No clinical benefit has been demonstrated in patients with prostate cancer treated with finasteride.

Postmarketing experience.

The following additional adverse experiences have been reported in postmarketing use. Because these reactions are reported voluntarily from a population of uncertain size, it is not always possible to reliably estimate the frequency or establish a causal relationship to drug exposure.

Immune system disorders.

Hypersensitivity reactions such as rash, pruritus, urticaria, and angioedema (including swelling of the lips, tongue, throat and face).

Psychiatric disorders.

Depression; decreased libido that continued after discontinuation of treatment; suicidal ideation.

Reproductive system and breast disorders.

Sexual dysfunction (erectile dysfunction and ejaculation disorders) that continued after discontinuation of treatment; breast tenderness and enlargement; male breast cancer; testicular pain; haematospermia; male infertility and/or poor seminal quality. Normalisation or improvement of seminal quality has been reported after discontinuation of finasteride.

Reporting suspected adverse effects.

Reporting suspected adverse reactions after registration of the medicinal product is important. It allows continued monitoring of the benefit-risk balance of the medicinal product. Healthcare professionals are asked to report any suspected adverse reactions at http://www.tga.gov.au/reporting-problems.

4.2 Dose and Method of Administration

The recommended dosage is one 1 mg tablet daily. Propecia may be taken with or without food.
In general, daily use for 3 months or more is necessary before increased hair growth and/or prevention of further hair loss is observed. Continued use is recommended to obtain maximum benefit.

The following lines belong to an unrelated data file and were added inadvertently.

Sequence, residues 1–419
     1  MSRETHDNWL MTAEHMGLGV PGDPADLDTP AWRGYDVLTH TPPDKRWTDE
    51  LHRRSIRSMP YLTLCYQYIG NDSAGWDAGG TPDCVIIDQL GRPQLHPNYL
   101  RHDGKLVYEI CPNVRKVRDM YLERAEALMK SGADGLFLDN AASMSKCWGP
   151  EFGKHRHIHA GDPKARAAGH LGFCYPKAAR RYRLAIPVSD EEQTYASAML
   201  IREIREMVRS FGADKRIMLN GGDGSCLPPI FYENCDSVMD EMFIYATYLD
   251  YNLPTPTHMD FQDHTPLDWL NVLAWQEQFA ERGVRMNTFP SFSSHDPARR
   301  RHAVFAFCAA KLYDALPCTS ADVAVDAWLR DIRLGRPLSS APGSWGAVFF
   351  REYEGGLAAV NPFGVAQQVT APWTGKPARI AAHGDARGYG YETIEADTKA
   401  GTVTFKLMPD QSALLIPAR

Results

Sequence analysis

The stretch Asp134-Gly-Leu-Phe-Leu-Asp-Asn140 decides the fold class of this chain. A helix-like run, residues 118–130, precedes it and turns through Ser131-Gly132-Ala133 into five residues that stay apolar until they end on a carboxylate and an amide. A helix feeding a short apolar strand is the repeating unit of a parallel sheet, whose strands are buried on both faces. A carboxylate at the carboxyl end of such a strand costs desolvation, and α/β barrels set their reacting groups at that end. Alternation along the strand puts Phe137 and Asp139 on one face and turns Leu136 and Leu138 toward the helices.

4.7 Effects on Ability to Drive and Use Machines

The effects of this medicine on a person's ability to use and drive machinery were not assessed as part of its registration.

4.9 Overdose

In clinical studies, single doses of finasteride up to 400 mg and multiple doses of finasteride up to 80 mg/day for three months did not result in side effects.
No specific treatment for overdosage with Propecia is recommended. For information on the management of overdose, contact the Poisons Information Centre on 131126 (Australia).

7 Medicine Schedule (Poisons Standard)

Prescription Only Medicine (Schedule 4).

6 Pharmaceutical Particulars

6.1 List of Excipients

Each film-coated tablet of Propecia contains the following inactive ingredients: lactose monohydrate, microcrystalline cellulose, pregelatinised maize starch, sodium starch glycollate, docusate sodium, magnesium stearate, Opadry YS-5-17266, beige.

6.2 Incompatibilities

Incompatibilities were either not assessed or not identified as part of the registration of this medicine.

6.3 Shelf Life

The expiry date can be found on the packaging. In Australia, information on the shelf life can be found on the public summary of the Australian Register of Therapeutic Goods (ARTG).

6.4 Special Precautions for Storage

Store below 30°C. Keep container closed and protect from moisture.

6.5 Nature and Contents of Container

Packs of 7, 28 and 84 tablets in an aluminium (Al/Al) blister package.
All pack sizes may not be currently marketed.

6.6 Special Precautions for Disposal

In Australia, any unused medicine or waste material should be disposed of by taking to your local pharmacy.

Summary Table of Changes